America has, finally, authorized a Covid-19 vaccine for the general public. Priority groups — health care workers and people in nursing homes — are now starting to get a vaccine. And if things go right, most of the country could be vaccinated by the end of next summer.
But that’s the caveat: if things go right. The development and authorization of a vaccine don’t mean that the US is guaranteed to get people inoculated quickly, or even that the country is on a certain path to conquer the coronavirus.
Experts caution, instead, that the country still faces two major challenges in its vaccination efforts.
First, the US has to manufacture and distribute a vaccine to more than 300 million people. As Johns Hopkins Center for Health Security senior scholar Crystal Watson told me, “This is going to be the largest mass vaccination campaign that the US has ever attempted.” It’s an effort so big, some experts have compared it to a New Deal. The logistical challenge isn’t just to produce all the vaccine doses required, it’s also shipping and storing them around the US at cold temperatures, and then administering them to people. If each person needs two doses (as is true for the vaccine authorized so far, although one-shot vaccines are in development), the difficulties are doubled.
But even if the US is able to pull off a feat of logistics, a second challenge looms: People will need to be persuaded to get a vaccine. That this will happen is not guaranteed. Polls suggest as many as half of Americans are resistant to getting a Covid-19 vaccine. Those hesitant people will need their concerns addressed, including worries about whether the quick development process sacrificed safety, what common side effects are expected, and what rare side effects may pop up. Doctors and public health officials will also have to communicate why it’s important for people to get a vaccine even if they don’t feel Covid-19 is a threat to them.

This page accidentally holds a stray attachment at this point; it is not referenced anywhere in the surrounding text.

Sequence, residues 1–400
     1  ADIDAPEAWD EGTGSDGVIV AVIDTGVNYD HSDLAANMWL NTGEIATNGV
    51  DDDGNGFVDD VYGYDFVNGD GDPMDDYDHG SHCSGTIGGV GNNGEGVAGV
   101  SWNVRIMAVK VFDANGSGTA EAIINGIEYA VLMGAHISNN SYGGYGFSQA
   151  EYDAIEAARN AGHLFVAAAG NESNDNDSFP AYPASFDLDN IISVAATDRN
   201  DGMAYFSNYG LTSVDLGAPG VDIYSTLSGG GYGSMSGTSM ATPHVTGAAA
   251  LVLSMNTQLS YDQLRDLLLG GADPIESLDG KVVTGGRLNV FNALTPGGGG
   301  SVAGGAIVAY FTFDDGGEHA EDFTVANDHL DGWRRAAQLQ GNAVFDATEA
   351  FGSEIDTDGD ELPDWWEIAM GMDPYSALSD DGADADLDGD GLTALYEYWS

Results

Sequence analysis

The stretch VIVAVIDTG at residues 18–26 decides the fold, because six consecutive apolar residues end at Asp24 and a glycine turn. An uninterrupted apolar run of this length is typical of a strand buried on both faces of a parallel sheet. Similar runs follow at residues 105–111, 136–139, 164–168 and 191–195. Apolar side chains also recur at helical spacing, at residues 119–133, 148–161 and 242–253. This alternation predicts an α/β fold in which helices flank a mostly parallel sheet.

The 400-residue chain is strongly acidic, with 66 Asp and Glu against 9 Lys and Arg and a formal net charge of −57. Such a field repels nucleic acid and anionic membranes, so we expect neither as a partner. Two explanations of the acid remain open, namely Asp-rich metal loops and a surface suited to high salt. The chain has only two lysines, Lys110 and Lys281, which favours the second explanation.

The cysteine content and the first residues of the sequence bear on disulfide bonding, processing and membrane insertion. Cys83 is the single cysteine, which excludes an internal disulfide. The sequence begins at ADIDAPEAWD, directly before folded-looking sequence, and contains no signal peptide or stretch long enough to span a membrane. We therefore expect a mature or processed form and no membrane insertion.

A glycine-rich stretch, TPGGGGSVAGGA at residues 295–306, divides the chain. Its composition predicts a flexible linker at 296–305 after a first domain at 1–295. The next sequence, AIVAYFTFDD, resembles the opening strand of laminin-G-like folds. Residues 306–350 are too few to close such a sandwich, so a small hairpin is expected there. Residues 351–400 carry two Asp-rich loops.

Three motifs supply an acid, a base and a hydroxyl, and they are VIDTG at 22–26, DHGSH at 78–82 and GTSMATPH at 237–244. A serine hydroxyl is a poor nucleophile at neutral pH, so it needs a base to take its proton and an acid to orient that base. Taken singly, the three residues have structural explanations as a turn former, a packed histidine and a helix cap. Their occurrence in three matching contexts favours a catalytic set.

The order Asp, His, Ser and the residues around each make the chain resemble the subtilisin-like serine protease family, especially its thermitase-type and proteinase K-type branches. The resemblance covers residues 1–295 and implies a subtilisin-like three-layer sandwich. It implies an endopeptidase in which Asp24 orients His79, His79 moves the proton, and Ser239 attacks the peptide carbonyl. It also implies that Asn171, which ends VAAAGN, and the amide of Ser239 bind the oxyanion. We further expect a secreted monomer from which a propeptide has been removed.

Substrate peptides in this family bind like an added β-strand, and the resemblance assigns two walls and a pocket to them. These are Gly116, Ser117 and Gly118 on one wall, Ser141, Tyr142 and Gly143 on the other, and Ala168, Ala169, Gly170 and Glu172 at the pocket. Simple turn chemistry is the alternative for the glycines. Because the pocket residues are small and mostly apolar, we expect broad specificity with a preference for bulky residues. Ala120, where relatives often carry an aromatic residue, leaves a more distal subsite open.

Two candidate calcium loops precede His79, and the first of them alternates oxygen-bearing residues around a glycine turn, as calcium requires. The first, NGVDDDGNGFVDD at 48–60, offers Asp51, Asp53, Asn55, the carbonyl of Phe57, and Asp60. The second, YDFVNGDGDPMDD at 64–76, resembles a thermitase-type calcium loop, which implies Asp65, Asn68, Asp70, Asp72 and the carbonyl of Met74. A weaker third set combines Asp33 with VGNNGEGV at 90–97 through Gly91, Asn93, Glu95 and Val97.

Experts caution that how the US deals with both these challenges could determine if Covid-19 remains a widespread problem by late 2021 or even 2022. It’s what will decide whether we get back to normal, and how many lives are saved — or unnecessarily lost — along the way.
On the first challenge, the US has done considerable work. Under Operation Warp Speed, the federal government has helped expedite research into the vaccines and committed to purchasing hundreds of millions of vaccine doses. Federal, state, and local governments now have plans, or are working on plans, for how to widely distribute a vaccine in the next several months.
But on the second challenge, experts say, the US is falling behind. When I asked if the country is prepared on the public opinion side for widespread Covid-19 vaccination, Texas State University medical anthropologist Emily Brunson told me, “No, we’re not.” So far, no real federal education and awareness campaign is underway. “It would have been ideal to begin months ago,” Brunson said.